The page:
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911radio

Help with editing an Excel file

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I have an Excel document that is run for me on a weekly basis and emailed to me. I save the file from the email as "wanted.xls" in the root of C. It has a long file and sheet name and I have to go in and delete several whole columns of information throughout that just don't pertain to what I need. I'm trying to automate deleting the first 7 columns (A-G), and other columns here and there on down to column "CW", then rename the sheet to "wanted" and then save it as a whole new document. I would also like the script to define a name of "range" to all the cells that are the end result of all the editing above, but for now I would like just to be able to nail the basics down, and what I have below really isn't doing it. Any help would be appreciated!

#include <ExcelCOM_UDF.au3>  

$FilePath = "C:\wanted.xls"
Local $oExcel = _ExcelBookOpen($FilePath, 1, 0)

Func _ExcelColumnDelete($oExcel, $iColumn = 3, $iNumCols = 1)
    If NOT IsObj($oExcel) Then Return SetError(1, 0, 0)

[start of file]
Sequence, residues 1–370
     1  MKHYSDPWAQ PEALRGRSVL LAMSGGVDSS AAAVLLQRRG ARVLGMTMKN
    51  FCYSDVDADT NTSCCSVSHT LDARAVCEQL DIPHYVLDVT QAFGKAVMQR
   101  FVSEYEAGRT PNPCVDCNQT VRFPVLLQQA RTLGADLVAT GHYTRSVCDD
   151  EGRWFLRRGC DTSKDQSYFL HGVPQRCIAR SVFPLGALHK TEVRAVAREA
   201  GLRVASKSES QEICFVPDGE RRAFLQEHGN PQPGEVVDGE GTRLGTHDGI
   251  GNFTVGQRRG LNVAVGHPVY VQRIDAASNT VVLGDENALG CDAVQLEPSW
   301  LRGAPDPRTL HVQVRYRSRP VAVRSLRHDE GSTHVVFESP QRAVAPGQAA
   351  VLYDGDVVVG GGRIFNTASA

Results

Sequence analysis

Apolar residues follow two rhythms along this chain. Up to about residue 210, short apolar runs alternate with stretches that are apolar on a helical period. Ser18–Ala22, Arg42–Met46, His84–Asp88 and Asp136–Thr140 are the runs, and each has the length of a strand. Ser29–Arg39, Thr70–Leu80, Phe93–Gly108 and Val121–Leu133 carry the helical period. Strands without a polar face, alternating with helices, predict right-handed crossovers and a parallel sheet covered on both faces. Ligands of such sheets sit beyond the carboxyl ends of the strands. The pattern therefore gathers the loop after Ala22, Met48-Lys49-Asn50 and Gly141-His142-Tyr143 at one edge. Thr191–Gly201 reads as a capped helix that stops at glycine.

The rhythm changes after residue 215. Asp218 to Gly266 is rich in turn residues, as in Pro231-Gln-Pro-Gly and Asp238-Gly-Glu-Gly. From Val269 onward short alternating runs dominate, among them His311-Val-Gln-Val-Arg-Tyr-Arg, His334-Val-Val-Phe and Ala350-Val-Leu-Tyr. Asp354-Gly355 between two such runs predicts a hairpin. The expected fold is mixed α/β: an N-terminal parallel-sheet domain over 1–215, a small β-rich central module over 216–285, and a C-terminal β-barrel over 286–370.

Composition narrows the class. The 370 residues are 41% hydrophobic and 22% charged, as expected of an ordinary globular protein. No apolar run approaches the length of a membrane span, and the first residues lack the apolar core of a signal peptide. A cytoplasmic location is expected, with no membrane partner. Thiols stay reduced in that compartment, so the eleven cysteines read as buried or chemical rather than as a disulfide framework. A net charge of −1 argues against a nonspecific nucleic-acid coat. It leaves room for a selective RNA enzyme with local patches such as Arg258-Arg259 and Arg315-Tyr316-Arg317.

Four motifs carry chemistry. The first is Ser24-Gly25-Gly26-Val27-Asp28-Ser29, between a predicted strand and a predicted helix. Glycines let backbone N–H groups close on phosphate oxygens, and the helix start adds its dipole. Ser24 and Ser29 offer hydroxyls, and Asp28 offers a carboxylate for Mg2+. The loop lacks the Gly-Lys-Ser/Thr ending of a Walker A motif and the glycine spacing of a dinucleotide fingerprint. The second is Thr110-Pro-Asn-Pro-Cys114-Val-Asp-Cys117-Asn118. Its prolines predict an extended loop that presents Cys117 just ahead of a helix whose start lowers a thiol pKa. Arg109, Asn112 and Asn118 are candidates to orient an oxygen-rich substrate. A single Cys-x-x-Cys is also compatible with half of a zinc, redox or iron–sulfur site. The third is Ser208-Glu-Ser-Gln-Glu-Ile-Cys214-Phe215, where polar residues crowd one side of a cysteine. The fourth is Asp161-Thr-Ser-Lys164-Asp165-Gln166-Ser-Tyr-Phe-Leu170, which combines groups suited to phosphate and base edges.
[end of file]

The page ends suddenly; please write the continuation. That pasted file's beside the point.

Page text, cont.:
If $iColumn < 1 Then Return SetError(2, 0, 0)
    For $x = 1 to $iNumCols
        $oExcel.ActiveSheet.Columns($iColumn).Delete
    Next
    Return 1
EndFunc;==>_ExcelColumnDelete

$sSheetName = 'wanted'

Func _ExcelSheetNameSet($oExcel, $sSheetName)
    If NOT IsObj($oExcel) Then Return SetError(1, 0, 0)
    $oExcel.ActiveSheet.Name = $sSheetName
    Return 1
EndFunc;==>_ExcelSheetNameSet

_ExcelBookSaveAs($oExcel, "C:\wanted2.xls", "xls", 0, 1)

_ExcelBookClose($oExcel)

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#2 ·  Posted (edited)

So what exactly goes wrong? Your code is strange because you copied the functions into the script instead of just calling them. What do you get from this?

#include <ExcelCOM_UDF.au3>  

$FilePath = "C:\wanted.xls"
Local $oExcel = _ExcelBookOpen($FilePath, 1, 0)

; 2D array of colums to delete:
;       [n][0] = column to delete; [n][1] = number of columns to delete 
;       Note they are listed right to left, so deletions do not change later column numbers
; Example deletes columns 1-7, 16, 32, 64, and 128
Global $avDel[5][2] = [[128, 1], [64, 1], [32, 1], [16, 1], [1, 7]] 

For $n = 0 To UBound($avDel) - 1
    _ExcelColumnDelete($oExcel, $avDel[$n][0], $avDel[1])
Next

_ExcelBookSaveAs($oExcel, "C:\wanted2.xls", "xls", 0, 1)
_ExcelBookClose($oExcel)

:)

Edited by PsaltyDS